You are currently browsing the monthly archive for December 2009.

The first snowfall of winter is melting away at the Festival office...

By Karen Hendricks, Festival PR/Marketing Director

Merry Christmas, Happy Holidays, and Happy New Year from the Gettysburg Festival!  The holiday season truly is “the most wonderful time of the year,” but the festival season is also upon us with less than six action-packed months until the 2010 Festival.  And for that reason, it’s also “the most wonderful time of the year” as the Gettysburg Festival office is transformed into an exciting whirlwind of activity.  I’ll even drop a few hints about 2010 highlight events in a moment…

The Festival's new Director of Development, Mary Lynn Billitteri, with husband Tom, enjoyed meeting Friends and volunteers, in between putting together exciting, new Festival sponsorships.

A Festival Open House set the holiday tone in early December, as we welcomed all volunteers and 2009 Friends of the Festival.  These warm and extremely supportive friends form the backbone of the June Festival, lending a helping hand with everything from office support, to transportation, monetary contributions, and serving as the friendly faces that welcome attendees to Festival events in June.  It’s so appropriate to recognize these key contributors during this season of giving.

Cheers! Brass Volunteer Ann Mease-Shiner toasts a successful 2009 Festival.

Speaking of giving, the Festival presented a holiday gift to the Borough of Gettysburg at the December Borough Council meeting.  Blue Lincoln, a massive painting by the 09 Festival artist Hunt Slonem, will now be on display to the public at Borough Hall.   Mayor William Troxell said of this $24,000 gift, “I think this magnificent painting is representative of not only the enduring legacy of President Lincoln, but also of the significance of the arts in Gettysburg.  We are truly blessed to have The Gettysburg Festival taking place in our borough every June.  We have always welcomed visitors attracted by Gettysburg’s history; now we are seeing more and more visitors coming for the Gettysburg Festival’s arts and culture as well.”

Bernie Yannetti, the Festival's Chairman of the Board of Trustees, presents "Blue Lincoln" to Mayor Troxell and members of Borough Council. The painting is almost as tall as the Mayor!

So as we wrap up 2009 and look forward to 2010, Festival plans are sizzling and percolating, (appropriate choice of words since many of our most popular events are of the culinary variety).  Here are a few tidbits to whet your appetite:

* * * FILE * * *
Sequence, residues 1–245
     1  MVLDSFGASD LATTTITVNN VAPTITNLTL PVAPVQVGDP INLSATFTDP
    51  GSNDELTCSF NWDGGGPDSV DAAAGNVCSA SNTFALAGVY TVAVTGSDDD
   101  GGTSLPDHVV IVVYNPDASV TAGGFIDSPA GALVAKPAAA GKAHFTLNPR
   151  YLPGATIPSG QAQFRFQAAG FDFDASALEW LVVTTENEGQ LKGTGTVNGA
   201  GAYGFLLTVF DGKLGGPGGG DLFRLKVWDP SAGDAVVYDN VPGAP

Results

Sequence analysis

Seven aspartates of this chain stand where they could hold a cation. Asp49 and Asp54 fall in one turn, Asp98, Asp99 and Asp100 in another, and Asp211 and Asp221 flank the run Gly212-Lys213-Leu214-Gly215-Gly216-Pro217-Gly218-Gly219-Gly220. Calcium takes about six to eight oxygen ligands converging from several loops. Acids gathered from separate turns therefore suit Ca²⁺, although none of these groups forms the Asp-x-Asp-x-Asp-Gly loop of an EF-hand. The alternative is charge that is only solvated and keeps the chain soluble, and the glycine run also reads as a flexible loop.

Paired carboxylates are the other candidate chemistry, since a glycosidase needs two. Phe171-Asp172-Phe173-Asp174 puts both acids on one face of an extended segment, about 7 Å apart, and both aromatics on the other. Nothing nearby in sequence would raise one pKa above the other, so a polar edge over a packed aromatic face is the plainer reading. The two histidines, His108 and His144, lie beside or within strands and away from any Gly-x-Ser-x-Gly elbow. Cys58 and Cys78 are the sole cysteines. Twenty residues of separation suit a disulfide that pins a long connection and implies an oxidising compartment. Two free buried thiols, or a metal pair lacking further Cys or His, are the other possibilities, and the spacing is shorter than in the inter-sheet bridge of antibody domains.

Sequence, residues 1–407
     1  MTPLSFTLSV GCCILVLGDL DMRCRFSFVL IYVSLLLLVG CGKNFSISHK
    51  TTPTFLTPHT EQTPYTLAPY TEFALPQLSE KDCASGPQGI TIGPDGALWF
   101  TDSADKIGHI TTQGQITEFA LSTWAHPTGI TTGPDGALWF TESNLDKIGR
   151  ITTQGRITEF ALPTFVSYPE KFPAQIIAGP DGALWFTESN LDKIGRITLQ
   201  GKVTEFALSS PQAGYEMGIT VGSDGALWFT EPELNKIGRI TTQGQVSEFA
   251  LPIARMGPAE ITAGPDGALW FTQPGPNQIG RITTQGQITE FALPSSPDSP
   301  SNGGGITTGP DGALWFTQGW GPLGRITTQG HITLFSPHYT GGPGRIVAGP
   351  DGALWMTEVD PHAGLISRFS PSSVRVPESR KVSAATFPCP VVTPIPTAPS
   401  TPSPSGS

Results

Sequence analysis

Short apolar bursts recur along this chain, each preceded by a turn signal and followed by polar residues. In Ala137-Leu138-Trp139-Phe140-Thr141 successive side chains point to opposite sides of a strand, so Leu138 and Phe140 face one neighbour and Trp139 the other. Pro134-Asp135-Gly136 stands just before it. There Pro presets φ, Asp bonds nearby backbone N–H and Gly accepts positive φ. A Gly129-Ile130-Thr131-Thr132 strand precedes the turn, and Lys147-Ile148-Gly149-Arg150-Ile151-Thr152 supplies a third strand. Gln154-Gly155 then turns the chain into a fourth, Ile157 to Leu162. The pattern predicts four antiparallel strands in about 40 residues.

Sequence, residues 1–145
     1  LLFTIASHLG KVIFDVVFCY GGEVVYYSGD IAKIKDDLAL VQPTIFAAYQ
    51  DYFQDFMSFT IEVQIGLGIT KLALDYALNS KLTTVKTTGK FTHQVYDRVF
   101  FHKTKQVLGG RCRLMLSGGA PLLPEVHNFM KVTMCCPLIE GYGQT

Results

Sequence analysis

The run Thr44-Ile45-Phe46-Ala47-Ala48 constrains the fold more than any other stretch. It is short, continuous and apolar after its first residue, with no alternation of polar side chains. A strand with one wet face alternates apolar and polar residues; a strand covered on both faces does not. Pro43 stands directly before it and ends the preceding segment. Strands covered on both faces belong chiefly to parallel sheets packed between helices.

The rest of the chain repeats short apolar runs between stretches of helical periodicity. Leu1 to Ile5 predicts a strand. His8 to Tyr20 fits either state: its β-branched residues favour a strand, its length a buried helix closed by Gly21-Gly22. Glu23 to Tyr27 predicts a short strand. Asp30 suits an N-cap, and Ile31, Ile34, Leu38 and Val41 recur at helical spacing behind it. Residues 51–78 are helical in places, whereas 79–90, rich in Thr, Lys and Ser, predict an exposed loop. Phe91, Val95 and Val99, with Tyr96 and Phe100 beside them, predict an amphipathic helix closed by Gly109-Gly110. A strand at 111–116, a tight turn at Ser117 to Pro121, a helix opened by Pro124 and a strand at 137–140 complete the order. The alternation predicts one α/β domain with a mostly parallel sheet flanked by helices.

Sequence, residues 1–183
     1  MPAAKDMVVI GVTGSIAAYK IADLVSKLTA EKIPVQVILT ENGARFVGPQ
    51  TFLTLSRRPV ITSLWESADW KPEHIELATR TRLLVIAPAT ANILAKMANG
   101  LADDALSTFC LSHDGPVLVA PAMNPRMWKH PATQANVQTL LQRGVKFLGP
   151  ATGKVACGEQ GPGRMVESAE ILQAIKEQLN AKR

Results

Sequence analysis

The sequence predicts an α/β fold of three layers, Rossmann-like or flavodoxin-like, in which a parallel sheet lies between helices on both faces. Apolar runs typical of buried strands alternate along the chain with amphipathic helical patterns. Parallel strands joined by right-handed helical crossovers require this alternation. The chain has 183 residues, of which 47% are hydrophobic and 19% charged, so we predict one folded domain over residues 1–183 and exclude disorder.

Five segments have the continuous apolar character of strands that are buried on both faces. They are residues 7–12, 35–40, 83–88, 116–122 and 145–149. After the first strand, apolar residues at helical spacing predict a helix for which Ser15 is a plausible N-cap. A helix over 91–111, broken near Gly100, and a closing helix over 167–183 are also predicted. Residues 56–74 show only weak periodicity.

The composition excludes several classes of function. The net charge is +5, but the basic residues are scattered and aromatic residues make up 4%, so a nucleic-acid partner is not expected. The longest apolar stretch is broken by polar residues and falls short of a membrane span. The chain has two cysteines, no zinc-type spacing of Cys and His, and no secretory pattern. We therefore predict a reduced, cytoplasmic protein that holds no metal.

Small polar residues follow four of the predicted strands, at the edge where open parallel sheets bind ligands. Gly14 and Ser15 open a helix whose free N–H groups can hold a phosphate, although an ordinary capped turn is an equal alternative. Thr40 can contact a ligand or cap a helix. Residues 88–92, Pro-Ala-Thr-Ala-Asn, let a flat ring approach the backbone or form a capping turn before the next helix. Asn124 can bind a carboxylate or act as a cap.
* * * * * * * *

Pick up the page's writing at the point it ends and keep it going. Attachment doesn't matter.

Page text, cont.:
• Walter Scheib, returning as Artistic Director of Culinary Events in 2010, is designing an amazing, mouth-watering culinary lineup… including a repeat of the fun brunch event that sold out in 2009, plus a newly-designed formal dinner on a stage, a Caribbean-style cookout, and much more.  Stay tuned for more details!
  • Ben Jones is putting the finishing touches on the 2010 lineup, which will again offer about 20 concerts entirely free of charge to the public.  After showcasing such critically-acclaimed brass performers as Gramercy Brass Orchestra in 2008 and the River City Brass in 2009, we are looking north to a city known for its beans… to find our highlight brass performers for 2010. 
  • One of Gettysburg’s most popular arts and cultural events for the past dozen years, the annual History Meets the Arts Festival will be part of the Gettysburg Festival in 2010.  This will put Gettysburg’s unique downtown galleries in the spotlight.   In case you missed the official announcement a few weeks ago, click here for more details:   http://www.gettysburgfestival.org/media/news_detail.asp?news_id=59
  • We are also proud to announce that WITF is once again partnering with the Festival as media sponsor.  This dynamic PBS and NPR affiliate is especially proud to promote a Festival-opening event set for June 18.  Let’s just say it’s going to be a wonderful event at the TOP of our lineup.
  • Buzz Jones is designing a fun and creative jazz lineup for 2010.  Events that cross-promote various genres of the arts have
    Buzz Jones, June 2009

    found the most success, and this year’s jazz lineup integrates that principal.  One of the jazz acts will be showcased within Walter’s afore-mentioned Caribbean-style cookout—fun!  Another jazz act will feature the music of “the chairman of the board” known for his hat and “old blue eyes.”  (more cheesy clues)